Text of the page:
ADDISON-Miscellaneous Poems. Divine Ode, The saints will aid if men will call:

made by a Gentleman on the Conclusion of his For the blue sky bends over all.
Travels. Verse 6.

COLERIDGE-Christabel. Conclusion to Pt. 1. Prayer is the spirit speaking truth to Truth. BALLEY--Festus. Sc. Elsewhere.

But maybe prayer is a road to rise,

A mountain path leading toward the skies 8 And from the prayer of Want, and plaint of Woe,

To assist the spirit who truly tries. O never, never turn away thine ear!

But it isn't a shibboleth, creed, nor code, Forlorn, in this bleak wilderness below,

It isn't a pack-horse to carry your load, Ah! what were man, should Heaven refuse

It isn't a wagon, it's only a road. to hear!

And perhaps the reward of the spirit who tries BEATTIE–Minstrel. Bk. I. St. 29.

Is not the goal, but the exercise!

EDMUND VANCE COOKE–Prayer. The UnGod answers sharp and sudden on some prayers,

common Commoner. And thrusts the thing we have prayed for in our

22 face,

Not as we wanted it, A gauntlet with a gift in 't.

But as God granted it. E. B. BROWNING—Aurora Leigh. Bk. II.

QUILLER COUCH-To Bearers. 10 Every wish Is like a prayer-with God.

And Satan trembles when he sees E.B. BROWNING—Aurora Leigh. Bk. II.

The weakest saint upon his knees.

COWPER-Hymns. Exhortation to Prayer. Hope, he called, belief In God,—work, worship

therefore let


I ask not a life for the dear ones, us pray! E. B. BROWNING—Aurora Leigh. Bk. III.

All radiant, as others have done,

But that life may have just enough shadow 12 She knows omnipotence has heard her prayer

To temper the glare of the sun; And cries, “It shall be done — sometime,

I would pray God to guard them from evil, somewhere."

But my prayer would bound back to myself: OPHELIA G. BROWNING—Unanswered.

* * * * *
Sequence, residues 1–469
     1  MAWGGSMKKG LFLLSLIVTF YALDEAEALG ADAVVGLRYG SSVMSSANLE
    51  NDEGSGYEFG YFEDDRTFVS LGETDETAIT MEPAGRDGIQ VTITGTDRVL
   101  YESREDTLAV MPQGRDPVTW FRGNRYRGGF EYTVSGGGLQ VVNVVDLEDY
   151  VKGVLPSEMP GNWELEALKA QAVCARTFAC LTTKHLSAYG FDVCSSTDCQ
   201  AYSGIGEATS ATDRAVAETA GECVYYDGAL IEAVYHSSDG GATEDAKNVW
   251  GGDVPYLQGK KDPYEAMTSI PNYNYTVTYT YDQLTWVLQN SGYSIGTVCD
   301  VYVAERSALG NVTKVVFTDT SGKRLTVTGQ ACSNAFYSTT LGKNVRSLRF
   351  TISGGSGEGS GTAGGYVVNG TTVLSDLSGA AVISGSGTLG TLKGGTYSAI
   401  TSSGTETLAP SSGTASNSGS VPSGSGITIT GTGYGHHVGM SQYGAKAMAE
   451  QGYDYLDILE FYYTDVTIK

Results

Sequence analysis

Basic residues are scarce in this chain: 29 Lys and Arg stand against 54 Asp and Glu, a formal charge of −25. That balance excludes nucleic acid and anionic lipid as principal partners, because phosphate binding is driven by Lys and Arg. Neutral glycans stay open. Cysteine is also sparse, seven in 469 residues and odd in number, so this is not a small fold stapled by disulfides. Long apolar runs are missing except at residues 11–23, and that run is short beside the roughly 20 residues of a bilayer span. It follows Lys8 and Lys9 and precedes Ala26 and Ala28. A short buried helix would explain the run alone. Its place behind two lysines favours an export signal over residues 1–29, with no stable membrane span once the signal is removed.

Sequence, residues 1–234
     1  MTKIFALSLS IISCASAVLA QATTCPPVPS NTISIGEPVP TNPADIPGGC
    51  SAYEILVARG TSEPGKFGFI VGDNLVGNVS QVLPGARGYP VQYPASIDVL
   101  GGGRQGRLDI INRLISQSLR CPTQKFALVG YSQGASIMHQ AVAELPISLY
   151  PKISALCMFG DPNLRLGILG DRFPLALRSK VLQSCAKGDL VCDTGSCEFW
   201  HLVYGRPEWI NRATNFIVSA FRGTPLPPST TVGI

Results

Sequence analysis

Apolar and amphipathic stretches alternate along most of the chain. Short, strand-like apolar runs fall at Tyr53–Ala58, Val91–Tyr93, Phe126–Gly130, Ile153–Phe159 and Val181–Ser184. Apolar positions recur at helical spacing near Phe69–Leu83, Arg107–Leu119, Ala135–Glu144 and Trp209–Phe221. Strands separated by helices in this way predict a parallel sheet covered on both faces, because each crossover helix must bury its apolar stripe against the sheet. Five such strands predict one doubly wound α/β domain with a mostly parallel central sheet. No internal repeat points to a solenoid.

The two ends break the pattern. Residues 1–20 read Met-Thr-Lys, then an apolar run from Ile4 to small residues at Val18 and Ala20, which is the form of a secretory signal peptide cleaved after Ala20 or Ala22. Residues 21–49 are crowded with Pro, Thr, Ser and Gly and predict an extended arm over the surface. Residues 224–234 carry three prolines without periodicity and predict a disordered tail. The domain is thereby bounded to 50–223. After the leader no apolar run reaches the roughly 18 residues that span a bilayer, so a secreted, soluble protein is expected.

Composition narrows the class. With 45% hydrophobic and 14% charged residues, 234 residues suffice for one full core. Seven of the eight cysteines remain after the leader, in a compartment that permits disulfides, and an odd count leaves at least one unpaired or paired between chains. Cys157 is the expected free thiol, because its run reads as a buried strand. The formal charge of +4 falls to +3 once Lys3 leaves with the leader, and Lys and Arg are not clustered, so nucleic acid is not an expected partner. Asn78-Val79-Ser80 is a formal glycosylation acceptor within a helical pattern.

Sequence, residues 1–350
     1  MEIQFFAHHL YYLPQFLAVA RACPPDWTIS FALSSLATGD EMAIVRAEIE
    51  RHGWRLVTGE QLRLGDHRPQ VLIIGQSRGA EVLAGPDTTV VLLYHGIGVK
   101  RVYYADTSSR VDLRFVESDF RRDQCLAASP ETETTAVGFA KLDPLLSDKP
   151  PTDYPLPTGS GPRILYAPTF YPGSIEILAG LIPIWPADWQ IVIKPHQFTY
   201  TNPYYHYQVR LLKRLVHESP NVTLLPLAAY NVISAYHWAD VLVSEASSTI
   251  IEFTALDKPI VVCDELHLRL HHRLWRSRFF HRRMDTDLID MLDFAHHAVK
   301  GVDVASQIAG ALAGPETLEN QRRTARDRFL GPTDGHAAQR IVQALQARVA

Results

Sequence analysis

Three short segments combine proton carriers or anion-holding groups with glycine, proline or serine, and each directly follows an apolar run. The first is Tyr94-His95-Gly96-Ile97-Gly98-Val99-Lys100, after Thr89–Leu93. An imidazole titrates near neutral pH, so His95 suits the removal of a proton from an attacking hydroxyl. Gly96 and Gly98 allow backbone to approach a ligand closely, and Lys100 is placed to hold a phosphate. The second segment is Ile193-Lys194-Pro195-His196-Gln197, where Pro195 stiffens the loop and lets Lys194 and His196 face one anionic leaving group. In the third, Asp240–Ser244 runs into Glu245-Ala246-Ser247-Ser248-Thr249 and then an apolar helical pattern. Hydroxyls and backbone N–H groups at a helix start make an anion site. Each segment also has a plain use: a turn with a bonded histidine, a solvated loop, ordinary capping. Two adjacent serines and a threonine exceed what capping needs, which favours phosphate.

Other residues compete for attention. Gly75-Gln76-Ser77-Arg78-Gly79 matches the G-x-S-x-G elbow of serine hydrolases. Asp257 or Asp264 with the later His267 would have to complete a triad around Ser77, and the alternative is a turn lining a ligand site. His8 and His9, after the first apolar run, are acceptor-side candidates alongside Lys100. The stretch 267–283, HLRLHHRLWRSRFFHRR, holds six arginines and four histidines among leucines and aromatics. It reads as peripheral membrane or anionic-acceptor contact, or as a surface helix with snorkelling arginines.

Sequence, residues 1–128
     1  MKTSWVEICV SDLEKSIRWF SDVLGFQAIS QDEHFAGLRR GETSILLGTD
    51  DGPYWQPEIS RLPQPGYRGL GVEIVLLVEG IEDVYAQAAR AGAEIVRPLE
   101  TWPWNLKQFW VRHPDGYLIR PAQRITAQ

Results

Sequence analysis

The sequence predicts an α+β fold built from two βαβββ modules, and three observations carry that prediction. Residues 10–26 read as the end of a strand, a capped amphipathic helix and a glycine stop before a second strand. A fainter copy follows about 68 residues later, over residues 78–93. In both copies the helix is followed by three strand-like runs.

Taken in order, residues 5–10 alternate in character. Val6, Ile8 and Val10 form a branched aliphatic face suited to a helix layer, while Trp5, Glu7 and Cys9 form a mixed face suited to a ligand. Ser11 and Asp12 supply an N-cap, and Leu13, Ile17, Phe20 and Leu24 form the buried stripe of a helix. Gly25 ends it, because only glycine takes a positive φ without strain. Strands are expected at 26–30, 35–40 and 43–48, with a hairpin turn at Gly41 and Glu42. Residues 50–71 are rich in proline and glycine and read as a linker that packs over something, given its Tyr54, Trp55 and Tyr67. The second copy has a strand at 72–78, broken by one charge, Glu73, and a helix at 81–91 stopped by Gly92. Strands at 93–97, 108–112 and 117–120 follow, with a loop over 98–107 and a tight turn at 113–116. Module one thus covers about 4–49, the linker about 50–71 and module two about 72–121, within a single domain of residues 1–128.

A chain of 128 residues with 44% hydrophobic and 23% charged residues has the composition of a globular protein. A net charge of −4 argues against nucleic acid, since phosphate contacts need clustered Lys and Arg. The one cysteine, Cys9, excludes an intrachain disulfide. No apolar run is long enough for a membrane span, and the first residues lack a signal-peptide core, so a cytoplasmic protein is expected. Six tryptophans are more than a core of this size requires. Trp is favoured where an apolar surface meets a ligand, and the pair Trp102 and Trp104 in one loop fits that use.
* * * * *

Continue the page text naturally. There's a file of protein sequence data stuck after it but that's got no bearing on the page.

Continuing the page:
Ah! a seraph may pray for a sinner,

But a sinner must pray for himself. Just my vengeance complete,

CHARLES M. DICKINSONThe Children. The man sprang to his feet, Stood erect, caught at God's skirts, and prayed! | Our vows are heard betimes! and Heaven takes So, I was afraid!

care ROBERT BROWNINGInstans Tyrannus. VII. To grant, before we can conclude the prayer:

Preventing angels met it half the way, They never sought in vain that sought the Lord And sent us back to praise, who came to pray. aright!

DRYDEN-Britannio Rediviva. First lines. BURNSThe Cotter's Saturday Night. St. 6.

(See also COLDSMITH)







Grant folly's prayers that hinder folly's wish,
And serve the ends of wisdom.

GEORGE ELIOTThe Spanish Gypsy. Bk. IV.


Almighty Father! let thy lowly child,

Strong in his love of truth, be wisely bold, A patriot bard, by sycophants reviled,

Let him live usefully, and not die old!

Poet's Prayer.
Though I am weak, yet God, when prayed,
Cannot withhold his conquering aid.

EMERSONThe Nun's Aspiration.

To Thy great multitude a way to peace;
Give them to HIM.
JEAN INGELOW-A Story of Doom. Bk. LX.

St. 6.
Is there never a chink in the world above
Where they listen for words from below?

JEAN INGELOW-Supper at the Mill.

O God, if in the day of battle I forget Thee, do not Thou forget me. WILLIAM King attributes the prayer to a sol

dier, in his Anecdotes of his own time. P 7. (Ed. 1818)



[merged small][ocr errors][merged small][merged small][merged small]

My brother kneels, so saith Kabir,
To stone and brass in heathen-wise,
But in my brother's voice I hear
My own unanswered agonies.
His God is as his fates assign
His prayer is all the world's—and mine.
KIPLING—Song of Kabir.

(See also Don MARQUIS under WORSHIP)
I ask and wish not to appear

More beauteous, rich or gay: Lord, make me wiser every year, And better

every day. LAMB-A Birthday Thought.

You know I say Just what I think, and nothing more nor less, And, when I pray, my heart is in my prayer. I cannot say one thing and mean another: If I can't pray, I will not make believe! LONGFELLOW-Christus. Pt. III. Giles Corey.

Act II. Sc. 3.